You'd think Missouri Republicans would have learned to stop using the term "legitimate rape" after Todd Akin's flameout.
Instead, Republican state representative Rick Brattin wants to make "legitimate rape" the legal standard women must prove before accessing abortions -- unless they have written, notarized consent from the father.
House Bill 131, filed by Brattin on December 3, says women should only have access to abortion services in Missouri if the father grants them permission or if they can prove they were victims of rape. And not just any rape. Only the "legitimate" kind.
"Just like any rape, you have to report it, and you have to prove it," Brattin tells Mother Jones. "So you couldn't just go and say, 'Oh yeah, I was raped,' and get an abortion. It has to be a legitimate rape."
Brattin tries to separate himself from Akin's statements that in a "legitimate rape," women can't get pregnant because "the female body has ways to try to shut the whole thing down."
Brattin's version of a "legitimate rape" is one that is reported to the police like any other crime.
"I'm just saying if there was a legitimate rape, you're going to make a police report, just as if you were robbed," Brattin says to Mother Jones. "That's just common sense."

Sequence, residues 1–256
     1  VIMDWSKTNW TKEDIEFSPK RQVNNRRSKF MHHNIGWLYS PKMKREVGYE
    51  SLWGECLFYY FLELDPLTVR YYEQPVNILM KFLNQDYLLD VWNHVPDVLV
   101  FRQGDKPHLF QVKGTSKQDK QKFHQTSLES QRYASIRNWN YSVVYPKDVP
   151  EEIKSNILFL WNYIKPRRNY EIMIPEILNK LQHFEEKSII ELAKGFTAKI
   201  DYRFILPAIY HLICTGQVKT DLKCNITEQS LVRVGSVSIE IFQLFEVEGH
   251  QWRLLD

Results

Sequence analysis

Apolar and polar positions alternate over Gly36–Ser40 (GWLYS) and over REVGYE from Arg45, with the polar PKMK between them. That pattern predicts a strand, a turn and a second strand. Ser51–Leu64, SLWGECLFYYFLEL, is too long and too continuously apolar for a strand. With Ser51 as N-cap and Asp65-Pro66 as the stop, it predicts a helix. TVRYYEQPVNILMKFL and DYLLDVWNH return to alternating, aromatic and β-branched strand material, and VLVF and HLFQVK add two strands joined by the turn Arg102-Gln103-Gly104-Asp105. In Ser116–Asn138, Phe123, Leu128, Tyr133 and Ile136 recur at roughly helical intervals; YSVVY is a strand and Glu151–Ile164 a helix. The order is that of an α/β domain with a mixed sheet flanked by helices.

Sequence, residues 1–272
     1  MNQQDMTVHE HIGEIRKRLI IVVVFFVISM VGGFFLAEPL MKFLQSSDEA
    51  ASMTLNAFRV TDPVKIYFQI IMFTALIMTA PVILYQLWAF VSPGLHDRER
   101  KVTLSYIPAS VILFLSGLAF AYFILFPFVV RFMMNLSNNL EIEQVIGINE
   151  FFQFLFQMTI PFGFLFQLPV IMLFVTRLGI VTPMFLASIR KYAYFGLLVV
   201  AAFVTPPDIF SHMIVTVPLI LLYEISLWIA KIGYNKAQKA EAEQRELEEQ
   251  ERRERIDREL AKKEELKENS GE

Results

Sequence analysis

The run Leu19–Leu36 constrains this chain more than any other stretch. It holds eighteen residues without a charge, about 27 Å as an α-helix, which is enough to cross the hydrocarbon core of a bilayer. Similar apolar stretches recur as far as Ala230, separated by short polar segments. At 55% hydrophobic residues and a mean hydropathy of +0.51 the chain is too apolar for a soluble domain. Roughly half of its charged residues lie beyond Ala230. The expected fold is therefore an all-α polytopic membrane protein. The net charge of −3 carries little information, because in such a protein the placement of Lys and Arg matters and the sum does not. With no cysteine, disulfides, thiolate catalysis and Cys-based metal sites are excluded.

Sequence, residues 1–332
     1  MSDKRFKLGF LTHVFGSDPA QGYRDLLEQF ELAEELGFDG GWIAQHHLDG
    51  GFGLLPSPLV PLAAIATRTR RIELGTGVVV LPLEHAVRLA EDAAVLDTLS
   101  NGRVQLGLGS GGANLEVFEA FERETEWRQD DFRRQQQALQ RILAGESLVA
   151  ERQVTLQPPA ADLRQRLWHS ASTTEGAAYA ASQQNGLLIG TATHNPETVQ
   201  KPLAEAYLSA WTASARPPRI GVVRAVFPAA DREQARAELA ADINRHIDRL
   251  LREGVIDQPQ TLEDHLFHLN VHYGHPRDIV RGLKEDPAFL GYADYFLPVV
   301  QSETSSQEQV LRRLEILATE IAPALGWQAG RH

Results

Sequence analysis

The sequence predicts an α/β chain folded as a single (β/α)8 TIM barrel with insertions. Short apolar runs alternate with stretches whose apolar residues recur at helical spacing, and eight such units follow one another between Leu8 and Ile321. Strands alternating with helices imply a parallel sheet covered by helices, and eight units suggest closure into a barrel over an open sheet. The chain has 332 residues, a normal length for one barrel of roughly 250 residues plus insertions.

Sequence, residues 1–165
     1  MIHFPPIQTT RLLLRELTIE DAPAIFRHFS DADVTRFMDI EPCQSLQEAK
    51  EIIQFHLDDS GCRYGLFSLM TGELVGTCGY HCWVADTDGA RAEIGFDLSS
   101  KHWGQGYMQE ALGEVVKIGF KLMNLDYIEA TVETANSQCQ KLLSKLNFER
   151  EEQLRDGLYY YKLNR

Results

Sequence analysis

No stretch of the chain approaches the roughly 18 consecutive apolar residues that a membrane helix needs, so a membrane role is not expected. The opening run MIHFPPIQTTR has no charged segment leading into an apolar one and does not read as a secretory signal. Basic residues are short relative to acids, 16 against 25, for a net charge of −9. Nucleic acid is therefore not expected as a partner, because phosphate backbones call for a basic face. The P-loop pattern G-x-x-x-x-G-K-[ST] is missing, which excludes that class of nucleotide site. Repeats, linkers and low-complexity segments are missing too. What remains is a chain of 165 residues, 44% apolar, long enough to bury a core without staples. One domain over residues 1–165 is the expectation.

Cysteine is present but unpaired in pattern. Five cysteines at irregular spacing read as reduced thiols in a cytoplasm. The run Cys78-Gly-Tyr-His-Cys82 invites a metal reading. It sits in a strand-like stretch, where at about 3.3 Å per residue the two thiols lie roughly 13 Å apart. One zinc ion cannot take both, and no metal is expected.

Most women don't report rape to police. A Department of Justice survey found 60 percent of sexual assaults in the last five years were not reported.
The bill doesn't specify how a woman would prove her pregnancy was the result of a rape -- a crime that often leaves no physical scars -- though Brattin says he doesn't think it would be too hard.
"You have to take steps to show that you were raped...and I'd think you'd be able to prove that," Brattin tells Mother Jones.
Brattin's bill also makes exceptions for cases in which the pregnancy endangers the life of the mother or the father has died.
But what about if the father is abusive? Brattin says women can just put the child into protective custody after birth.
"What does that have to do with the child's life? Just because it was an abusive relationship, does that mean the child should die?" Brattin tells Mother Jones.
Accessing an abortion in Missouri is already uniquely difficult. The state's only abortion clinic is in St. Louis' Central West End and, thanks to a recent veto override from Missouri's GOP-dominated legislature, women must wait 72 hours between the initial consultation and the procedure.
Missouri's abortion waiting period does not allow exceptions for rape or incest, making it the longest and harshest in the country.
Brattin's bill also goes to extraordinary lengths to stop women from having abortions by requiring doctors to share information about the fetus, including the gestational age, the anatomical and physiological characteristics and color photographs of a fetus developing in two-week increments.
Before any abortion, the patient would receive printed materials with this disclaimer: "The life of each human being begins at conception. Abortion will terminate the life of a separate, unique, living human being."
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